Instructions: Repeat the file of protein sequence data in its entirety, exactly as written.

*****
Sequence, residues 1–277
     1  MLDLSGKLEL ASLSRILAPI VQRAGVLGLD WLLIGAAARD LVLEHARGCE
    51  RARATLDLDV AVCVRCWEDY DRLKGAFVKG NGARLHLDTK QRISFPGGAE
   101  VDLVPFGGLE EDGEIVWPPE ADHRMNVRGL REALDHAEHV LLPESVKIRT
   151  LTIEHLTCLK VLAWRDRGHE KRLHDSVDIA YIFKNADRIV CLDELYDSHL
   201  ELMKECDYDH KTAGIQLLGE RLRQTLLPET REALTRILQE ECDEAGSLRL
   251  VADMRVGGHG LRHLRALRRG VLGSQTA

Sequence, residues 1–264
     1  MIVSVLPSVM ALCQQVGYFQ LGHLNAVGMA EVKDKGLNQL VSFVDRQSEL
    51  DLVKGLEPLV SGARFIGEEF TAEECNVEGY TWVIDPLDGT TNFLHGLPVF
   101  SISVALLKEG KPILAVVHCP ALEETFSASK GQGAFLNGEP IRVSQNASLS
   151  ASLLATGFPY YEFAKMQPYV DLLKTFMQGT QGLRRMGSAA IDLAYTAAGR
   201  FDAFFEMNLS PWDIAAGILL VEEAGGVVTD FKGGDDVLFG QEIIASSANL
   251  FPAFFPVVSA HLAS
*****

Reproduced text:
Sequence, residues 1–277
     1  MLDLSGKLEL ASLSRILAPI VQRAGVLGLD WLLIGAAARD LVLEHARGCE
    51  RARATLDLDV AVCVRCWEDY DRLKGAFVKG NGARLHLDTK QRISFPGGAE
   101  VDLVPFGGLE EDGEIVWPPE ADHRMNVRGL REALDHAEHV LLPESVKIRT
   151  LTIEHLTCLK VLAWRDRGHE KRLHDSVDIA YIFKNADRIV CLDELYDSHL
   201  ELMKECDYDH KTAGIQLLGE RLRQTLLPET REALTRILQE ECDEAGSLRL
   251  VADMRVGGHG LRHLRALRRG VLGSQTA

Sequence, residues 1–264
     1  MIVSVLPSVM ALCQQVGYFQ LGHLNAVGMA EVKDKGLNQL VSFVDRQSEL
    51  DLVKGLEPLV SGARFIGEEF TAEECNVEGY TWVIDPLDGT TNFLHGLPVF
   101  SISVALLKEG KPILAVVHCP ALEETFSASK GQGAFLNGEP IRVSQNASLS
   151  ASLLATGFPY YEFAKMQPYV DLLKTFMQGT QGLRRMGSAA IDLAYTAAGR
   201  FDAFFEMNLS PWDIAAGILL VEEAGGVVTD FKGGDDVLFG QEIIASSANL
   251  FPAFFPVVSA HLAS